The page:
At court, King Henry tells Prince Hal that he is disappointed in him, and Prince Hal promises to reform. Just then, a messenger arrives to announce that the Scottish and English rebels have joined forces.
Back at the tavern, Falstaff is drinking and complaining to the innkeeper. Fresh from his fatherly harangue, Prince Hal enters and tells Falstaff he's obtained a commission for Falstaff to gather a group of soldiers. From this point on, the two distinct plots join up.
Act 4 opens with the rebels. A messenger brings the news that Northumberland (Hotspur's father) is too sick to fight, but the rebels decide to fight anyway. Then they learn more bad news: Glendower will be delayed from the fight for two weeks.
Falstaff, on behalf of the king, marches to war with a ragtag band of men—the better men having bought their way out of fighting.
The action shifts back to the rebels arguing over what to do. Sir Walter Blunt arrives, bringing an offer of forgiveness from the king in return for an end to the rebellion. The rebels have to decide by morning whether they will accept the king's offer.
Act 5 starts on the battlefield, where leaders from both sides meet. King Henry criticizes Worcester and Vernon (a relative of Worcester's) for rebelling, but he again offers forgiveness if they'll stop. Worcester says the king caused the rebellion by rebelling himself against the previous king and taking his throne. The king counters that the rebels are exaggerating. To try to decide the issue, Prince Hal challenges Hotspur to single combat. Instead, the rebels decide to fight en masse.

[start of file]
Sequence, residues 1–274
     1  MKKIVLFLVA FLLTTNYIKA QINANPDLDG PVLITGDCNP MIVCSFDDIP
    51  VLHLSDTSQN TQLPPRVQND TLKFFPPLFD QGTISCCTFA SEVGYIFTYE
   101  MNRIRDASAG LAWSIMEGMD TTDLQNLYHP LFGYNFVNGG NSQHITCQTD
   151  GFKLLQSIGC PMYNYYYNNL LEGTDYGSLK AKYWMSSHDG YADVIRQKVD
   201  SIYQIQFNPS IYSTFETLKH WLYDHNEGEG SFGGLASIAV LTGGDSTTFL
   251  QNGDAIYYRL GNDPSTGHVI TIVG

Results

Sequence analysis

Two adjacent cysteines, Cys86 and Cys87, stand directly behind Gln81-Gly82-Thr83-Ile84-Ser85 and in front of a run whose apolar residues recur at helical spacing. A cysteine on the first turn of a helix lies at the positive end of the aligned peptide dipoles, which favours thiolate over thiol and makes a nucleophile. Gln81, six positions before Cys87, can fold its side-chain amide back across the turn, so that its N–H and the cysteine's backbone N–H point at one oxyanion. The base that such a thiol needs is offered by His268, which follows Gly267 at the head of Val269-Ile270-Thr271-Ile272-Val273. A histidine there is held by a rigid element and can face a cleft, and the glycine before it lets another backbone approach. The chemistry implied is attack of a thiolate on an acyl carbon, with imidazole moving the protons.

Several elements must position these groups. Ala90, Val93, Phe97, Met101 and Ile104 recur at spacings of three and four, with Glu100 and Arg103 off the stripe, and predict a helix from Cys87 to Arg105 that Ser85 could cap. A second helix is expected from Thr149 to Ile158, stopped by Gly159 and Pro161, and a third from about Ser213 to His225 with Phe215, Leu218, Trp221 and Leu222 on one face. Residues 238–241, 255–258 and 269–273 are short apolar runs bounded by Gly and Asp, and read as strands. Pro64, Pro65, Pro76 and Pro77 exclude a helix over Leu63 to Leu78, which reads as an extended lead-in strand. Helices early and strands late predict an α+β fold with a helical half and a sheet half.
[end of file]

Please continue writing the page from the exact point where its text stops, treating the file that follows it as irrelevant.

As the battle begins, Douglas slays Blunt, who is pretending to be King Henry. Douglas thinks he has killed the king until Hotspur enters and explains that many people are fighting disguised as the king.
The scene shifts to King Henry, Prince Hal, Lord John (the king's younger son), and Westmoreland (a military leader loyal to the king). Prince Hal is injured, but he refuses to leave the field. After most of the loyalists leave, Douglas enters and attacks the king. In an effort to prove himself, Prince Hal returns and drives Douglas away. Impressed, the king tells his elder son that this act has redeemed him for all his previous laziness and disorder.
But Prince Hal is not done fighting. After the king leaves, Hotspur enters, and Prince Hal kills him. Meanwhile, Falstaff has been cheering on Prince Hal, but he pretends to be dead during a skirmish with Douglas. The prince mourns his friend, then leaves the field. Falstaff gets up and plans to claim that he is the one who killed Hotspur. A trumpet sounds, signaling that the king's forces have won.
In the final scene, King Henry sentences the captured Worcester and Vernon to death. Douglas has also been taken prisoner but is released because of his valor. The king swears to defeat the rebels who still lurk in the kingdom.
Henry IV, Part 1 Plot Diagram